Surge in demand expected for NHS mental health services
A sharp rise in referrals in October will see hundreds of thousands of patients struggling and NHS mental health trusts unable to meet demand.
The NHS is to see a near four-fold (312 per cent) increase in patients referred to the NHS’s talking therapy service in October. This is according to analysis by Ieso Digital Health, which calls for mental health therapy to harness digital technology to help tackle the problem.
The demand is so large that it is expected that 54 NHS mental health trusts will be unable to cope, resulting in patients left to tackle anxiety and depression alone.
This sharp increase has been directly linked to Covid-19 and lockdown. Based on predictions nearly 643,000 patients are likely to be referred to the Improving Access to Psychological Therapies (IAPT) talking therapy service by October compared with the expected 156,000 under non-Covid circumstances.
The IAPT program, rolled out in 2009, helps people with common mental health conditions such as anxiety, depression, panic attacks, post-traumatic stress disorder and obsessive compulsive disorder.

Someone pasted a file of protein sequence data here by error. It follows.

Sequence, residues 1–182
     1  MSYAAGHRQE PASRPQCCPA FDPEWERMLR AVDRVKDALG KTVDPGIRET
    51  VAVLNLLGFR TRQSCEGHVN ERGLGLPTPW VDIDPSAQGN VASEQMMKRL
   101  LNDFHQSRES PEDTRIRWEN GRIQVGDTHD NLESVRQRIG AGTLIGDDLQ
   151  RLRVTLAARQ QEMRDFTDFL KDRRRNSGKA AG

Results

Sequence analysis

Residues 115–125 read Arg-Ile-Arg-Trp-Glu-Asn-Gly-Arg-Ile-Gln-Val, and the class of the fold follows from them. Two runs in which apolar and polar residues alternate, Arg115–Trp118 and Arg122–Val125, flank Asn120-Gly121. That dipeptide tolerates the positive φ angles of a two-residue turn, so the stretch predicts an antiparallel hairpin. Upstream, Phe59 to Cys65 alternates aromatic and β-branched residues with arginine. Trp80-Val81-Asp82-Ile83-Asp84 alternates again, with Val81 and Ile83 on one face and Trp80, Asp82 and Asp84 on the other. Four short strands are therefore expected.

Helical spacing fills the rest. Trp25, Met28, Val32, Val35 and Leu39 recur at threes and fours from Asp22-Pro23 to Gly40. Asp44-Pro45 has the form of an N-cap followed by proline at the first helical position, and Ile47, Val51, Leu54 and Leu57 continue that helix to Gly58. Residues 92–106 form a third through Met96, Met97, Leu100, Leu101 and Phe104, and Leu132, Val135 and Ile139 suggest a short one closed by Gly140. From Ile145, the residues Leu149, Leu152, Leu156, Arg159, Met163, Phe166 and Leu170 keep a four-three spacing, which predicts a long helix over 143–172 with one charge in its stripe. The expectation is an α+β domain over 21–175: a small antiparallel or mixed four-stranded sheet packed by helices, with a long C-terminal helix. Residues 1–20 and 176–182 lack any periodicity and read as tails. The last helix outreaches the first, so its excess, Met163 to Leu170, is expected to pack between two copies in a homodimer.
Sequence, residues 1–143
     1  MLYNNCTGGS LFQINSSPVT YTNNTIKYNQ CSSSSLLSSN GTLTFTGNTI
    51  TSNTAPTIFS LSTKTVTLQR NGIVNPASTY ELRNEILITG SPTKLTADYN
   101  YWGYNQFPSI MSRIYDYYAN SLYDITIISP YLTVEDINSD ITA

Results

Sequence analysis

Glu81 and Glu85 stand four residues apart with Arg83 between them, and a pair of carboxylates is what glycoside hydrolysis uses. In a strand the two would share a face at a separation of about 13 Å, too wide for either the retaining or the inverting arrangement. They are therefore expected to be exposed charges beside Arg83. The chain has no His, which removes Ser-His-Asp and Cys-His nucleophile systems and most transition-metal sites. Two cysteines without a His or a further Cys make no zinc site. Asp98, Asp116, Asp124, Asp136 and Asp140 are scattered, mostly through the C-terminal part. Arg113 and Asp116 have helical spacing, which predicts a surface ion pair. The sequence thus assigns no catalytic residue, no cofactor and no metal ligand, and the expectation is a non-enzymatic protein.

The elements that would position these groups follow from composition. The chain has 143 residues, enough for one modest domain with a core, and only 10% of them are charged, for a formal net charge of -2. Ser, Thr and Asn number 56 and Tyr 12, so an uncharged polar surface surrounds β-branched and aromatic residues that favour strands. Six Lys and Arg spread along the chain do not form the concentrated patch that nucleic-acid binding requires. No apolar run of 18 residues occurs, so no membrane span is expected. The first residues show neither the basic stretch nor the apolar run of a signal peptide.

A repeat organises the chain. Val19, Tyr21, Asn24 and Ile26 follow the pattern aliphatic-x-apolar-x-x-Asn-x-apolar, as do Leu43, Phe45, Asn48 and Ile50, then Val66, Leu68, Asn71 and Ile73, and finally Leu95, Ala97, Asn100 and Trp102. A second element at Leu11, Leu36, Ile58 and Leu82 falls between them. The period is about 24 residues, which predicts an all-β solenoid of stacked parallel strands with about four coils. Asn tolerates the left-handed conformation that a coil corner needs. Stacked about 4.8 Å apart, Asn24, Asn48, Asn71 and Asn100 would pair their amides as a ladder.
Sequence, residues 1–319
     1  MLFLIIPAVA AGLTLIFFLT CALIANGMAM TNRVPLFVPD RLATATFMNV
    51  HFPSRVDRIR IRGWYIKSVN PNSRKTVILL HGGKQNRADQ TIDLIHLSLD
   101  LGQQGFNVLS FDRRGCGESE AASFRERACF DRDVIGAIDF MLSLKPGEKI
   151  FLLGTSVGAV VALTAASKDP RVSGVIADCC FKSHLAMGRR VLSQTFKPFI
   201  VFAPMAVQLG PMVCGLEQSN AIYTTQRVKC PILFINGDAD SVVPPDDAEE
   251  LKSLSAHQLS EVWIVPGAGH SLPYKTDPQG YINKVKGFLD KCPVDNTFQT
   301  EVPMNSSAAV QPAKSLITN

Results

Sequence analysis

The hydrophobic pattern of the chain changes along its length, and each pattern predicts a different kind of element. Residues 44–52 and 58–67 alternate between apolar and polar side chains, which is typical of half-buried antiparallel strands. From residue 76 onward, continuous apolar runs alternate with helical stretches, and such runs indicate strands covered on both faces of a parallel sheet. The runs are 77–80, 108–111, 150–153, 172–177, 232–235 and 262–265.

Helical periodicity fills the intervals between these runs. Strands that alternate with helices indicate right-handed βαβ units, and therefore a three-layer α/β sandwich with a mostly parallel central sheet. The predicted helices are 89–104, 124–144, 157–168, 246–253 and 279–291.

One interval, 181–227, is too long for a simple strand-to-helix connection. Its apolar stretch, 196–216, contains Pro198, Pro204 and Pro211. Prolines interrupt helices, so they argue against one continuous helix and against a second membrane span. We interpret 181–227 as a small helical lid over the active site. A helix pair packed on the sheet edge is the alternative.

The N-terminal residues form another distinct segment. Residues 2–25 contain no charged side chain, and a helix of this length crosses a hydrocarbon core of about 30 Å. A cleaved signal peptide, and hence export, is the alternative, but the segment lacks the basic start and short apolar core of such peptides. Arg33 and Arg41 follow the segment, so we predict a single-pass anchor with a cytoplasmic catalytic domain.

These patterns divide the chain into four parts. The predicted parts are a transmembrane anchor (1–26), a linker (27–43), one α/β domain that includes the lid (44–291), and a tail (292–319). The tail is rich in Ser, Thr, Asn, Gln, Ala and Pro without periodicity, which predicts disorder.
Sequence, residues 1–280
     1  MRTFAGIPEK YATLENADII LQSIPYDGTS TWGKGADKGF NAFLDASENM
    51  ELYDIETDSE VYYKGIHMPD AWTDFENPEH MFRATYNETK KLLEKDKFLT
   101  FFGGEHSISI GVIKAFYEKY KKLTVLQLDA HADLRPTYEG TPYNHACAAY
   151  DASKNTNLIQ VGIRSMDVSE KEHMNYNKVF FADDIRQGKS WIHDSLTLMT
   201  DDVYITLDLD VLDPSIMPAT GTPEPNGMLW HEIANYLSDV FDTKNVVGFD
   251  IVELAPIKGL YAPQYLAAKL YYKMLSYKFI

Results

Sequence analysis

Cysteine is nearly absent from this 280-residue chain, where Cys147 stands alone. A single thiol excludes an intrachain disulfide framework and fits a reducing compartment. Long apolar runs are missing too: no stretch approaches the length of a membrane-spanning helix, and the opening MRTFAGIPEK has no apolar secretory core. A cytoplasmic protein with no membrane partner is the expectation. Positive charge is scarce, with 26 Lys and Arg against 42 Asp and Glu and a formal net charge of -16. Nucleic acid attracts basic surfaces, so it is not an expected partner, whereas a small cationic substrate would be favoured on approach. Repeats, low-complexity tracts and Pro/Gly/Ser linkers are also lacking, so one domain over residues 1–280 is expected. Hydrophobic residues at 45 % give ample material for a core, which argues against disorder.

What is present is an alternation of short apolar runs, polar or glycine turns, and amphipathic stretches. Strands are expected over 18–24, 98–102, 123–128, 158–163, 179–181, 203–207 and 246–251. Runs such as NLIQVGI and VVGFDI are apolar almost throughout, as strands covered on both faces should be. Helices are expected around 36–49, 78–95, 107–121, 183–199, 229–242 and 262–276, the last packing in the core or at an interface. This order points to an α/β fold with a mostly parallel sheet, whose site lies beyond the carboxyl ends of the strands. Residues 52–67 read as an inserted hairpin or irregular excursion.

In order to meet the anticipated rise in demand for IAPT services, the NHS would need to carry out five months’ worth of additional work in October just to reach pre Covid-19 levels of service.
Sarah Bateup, Chief Clinical Officer at Ieso Digital Health, commented: “These data clearly show the sheer scale and unprecedented task facing the country. With the best will in the world, the NHS will not be able to tackle this level of referrals on its own.”
The Institute for Fiscal Studies (IFS) warned that the mental health impact of Covid-19 will be unlike “anything seen in recent years”. The IFS found that around 7.2 million people in the UK aged 16 and over are experiencing at least one mental health issue “much more than usual”.
The NHS has been trying to combat the rise in mental health problems for a number of years. In April 2015, NHS England brought in the target for 75 per cent of people referred to IAPTs to start treatment within six weeks, and 95 per cent within 18 weeks.
Ross O’Brien, Digital Innovation Director at Central and North West London NHS Foundation Trust, has commented: “This is a concern because we know that people are struggling with their mental health and haven’t been reaching out for support from the NHS. There is a wealth of digital technology that is enabling therapy to continue without people needing to leave their homes. Now is the time to harness this to a much greater degree.”